If either of these requirements is met, the court must annul the decree; if neither of these requirements is met, the decree cannot be annulled.

After notice had been served in the case of Gayathri v. Ramesh (1993), the respondent/husband did not appear before the court of law. He was then adjudicated ex parte. The case was made available for ex parte testimony. In this case, the petitioner filed an affidavit certifying to certain conditions and pleading for support. The petition was denied by the learned trial court after it determined there was no basis for granting maintenance without recording any supporting documentation. The Karnataka High Court received an appeal filed against the family court ruling. The High Court opined that the family court cannot immediately place the party ex parte and proceed as in a civil issue if the party against whom the court is proposing to order maintenance payment is not present. In accordance with the proviso to subsection (2) of Section 126 of the Code, the matter can only be decided ex parte when it is determined that the person is purposely avoiding service or has been purposely absent from court.

Does setting aside an ex parte decree signifies setting aside evidence recorded before passing that decree?

Ex parte decrees according to Order 9 Rule 13 CPC do not imply the removal of previously filed material from the record. It has the legal effect of returning the defendant to their pre-ex parte position. The obvious goal is to prevent any harm to the defendant when the ex parte decree is overturned. When the ex parte order is overturned, he should be given the opportunity to pursue all of his options, had he been present on the day the ex parte hearing took place. 

Any harm done to the defendant is undone if the defendant is given the chance to cross-examine the witnesses whose testimony was taken in his absence and is permitted to raise the issue of the admissibility of a document and request its re-exhibition if a document was admitted by the court but was inadmissible as evidence. Demanding that the main examination, which was recorded while the defendant was not present, be recorded again will be useless. The ex parte decree may be set aside under Order 9 Rule 13 CPC.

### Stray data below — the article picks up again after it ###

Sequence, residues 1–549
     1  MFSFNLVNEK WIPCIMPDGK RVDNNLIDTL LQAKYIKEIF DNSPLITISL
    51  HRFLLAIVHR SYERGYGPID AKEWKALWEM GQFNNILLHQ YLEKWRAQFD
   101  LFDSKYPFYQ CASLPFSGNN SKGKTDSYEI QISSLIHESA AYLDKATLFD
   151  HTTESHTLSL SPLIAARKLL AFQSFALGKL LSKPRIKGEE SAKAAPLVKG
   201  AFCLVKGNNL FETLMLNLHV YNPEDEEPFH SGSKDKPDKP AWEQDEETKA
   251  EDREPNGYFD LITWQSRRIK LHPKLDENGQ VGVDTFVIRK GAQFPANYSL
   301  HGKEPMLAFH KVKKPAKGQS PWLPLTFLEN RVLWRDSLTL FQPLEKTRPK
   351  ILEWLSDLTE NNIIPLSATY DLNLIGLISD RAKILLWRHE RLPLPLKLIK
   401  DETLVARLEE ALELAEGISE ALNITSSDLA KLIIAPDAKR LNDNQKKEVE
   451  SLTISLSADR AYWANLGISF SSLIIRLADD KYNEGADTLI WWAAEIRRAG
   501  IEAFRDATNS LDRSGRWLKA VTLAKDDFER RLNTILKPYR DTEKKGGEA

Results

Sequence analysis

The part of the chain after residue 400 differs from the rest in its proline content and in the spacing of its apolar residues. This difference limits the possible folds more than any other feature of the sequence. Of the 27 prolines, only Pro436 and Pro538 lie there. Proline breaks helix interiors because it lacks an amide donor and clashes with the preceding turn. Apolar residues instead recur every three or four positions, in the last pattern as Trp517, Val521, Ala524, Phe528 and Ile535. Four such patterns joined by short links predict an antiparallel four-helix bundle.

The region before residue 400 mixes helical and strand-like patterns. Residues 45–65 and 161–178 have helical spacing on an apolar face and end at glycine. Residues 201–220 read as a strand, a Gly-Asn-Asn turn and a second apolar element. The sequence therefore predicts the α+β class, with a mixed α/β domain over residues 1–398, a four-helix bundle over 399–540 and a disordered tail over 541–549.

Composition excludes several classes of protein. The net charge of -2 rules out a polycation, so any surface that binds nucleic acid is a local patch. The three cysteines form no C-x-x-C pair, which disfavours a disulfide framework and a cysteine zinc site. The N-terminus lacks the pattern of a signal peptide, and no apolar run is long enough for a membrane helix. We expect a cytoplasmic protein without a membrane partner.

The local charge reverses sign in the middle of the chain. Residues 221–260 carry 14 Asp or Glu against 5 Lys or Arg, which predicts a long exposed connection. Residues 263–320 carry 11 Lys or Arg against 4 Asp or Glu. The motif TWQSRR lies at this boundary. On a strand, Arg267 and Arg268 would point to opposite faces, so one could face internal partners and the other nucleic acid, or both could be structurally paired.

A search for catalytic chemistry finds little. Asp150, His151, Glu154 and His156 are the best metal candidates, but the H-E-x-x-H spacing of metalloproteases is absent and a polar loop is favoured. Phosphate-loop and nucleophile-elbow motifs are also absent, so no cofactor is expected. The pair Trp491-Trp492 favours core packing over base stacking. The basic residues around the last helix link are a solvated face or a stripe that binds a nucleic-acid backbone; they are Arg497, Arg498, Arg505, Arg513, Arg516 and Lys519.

However, nothing in the cited provision states that the proceedings that took place in the defendant’s absence are null and void or that the evidence already recorded becomes non-existent by overturning the ex parte decree, subject to the erasure of any harm caused to the defendant, as previously stated, that is, subject to his right to cross-examine the witness whose testimony was recorded in his absence and/or to contest the admissibility of the document.

The entire observation has been viewed by several courts over time, the most notable being the Karnataka High Court in the case of Ramesh Patil v. Lakshamma (1993). 

Appeal under Section 96 of CPC, 1908

An ex parte initial judgement may be appealed. Any court order may be appealed, barring any stated provisions to the contrary. If the lawsuit’s value is less than Rs. 10,000, an appeal may only be made on a legal issue when an ex-parte appeal is allowed after a judgement has been rendered against the defendant. The decision of the majority shall apply in situations presided over by two or more judges. If there isn’t a majority, the lower court’s ruling will be upheld.

A review application under Section 114 of CPC, 1908

Subject to the aforementioned, anyone who feels wronged-

  • By a judgement or order from which an appeal is permitted under this Code but which has not yet been filed,
  • By a judgement or order from which there is no right of appeal under this Code, or
  • By decision following a referral from a court of small causes, 

may apply to the court that issued the decree or order for a review of the judgement, and the court may issue any order it deems appropriate thereon.

If the prerequisite conditions outlined in Section 114 are met, the court is essentially given the authority to reconsider its order. The substantive law does not specify any restrictions on the court’s authority other than those that are specifically stated in Section 114 of the Code, which gives it the authority to issue any orders it sees fit. In another case named Kaptur Agro Forest Enterprises v. Union of India (2002), the issue of the concession in relation to an overhead charge was resolved in the earlier writ suit by the allotters, and the Supreme Court likewise denied the special leave petition.


As far as ex parte recording of evidence is concerned, courts must use their authority judiciously so that prejudice is not caused to the interests and rights of the defendant. Keeping in mind the celebrated principle of natural justice, the right to a fair hearing and the right to provide an opportunity for both parties to the dispute to be heard must be of supreme importance, even when ex parte evidence is collected and the case proceeds ex parte.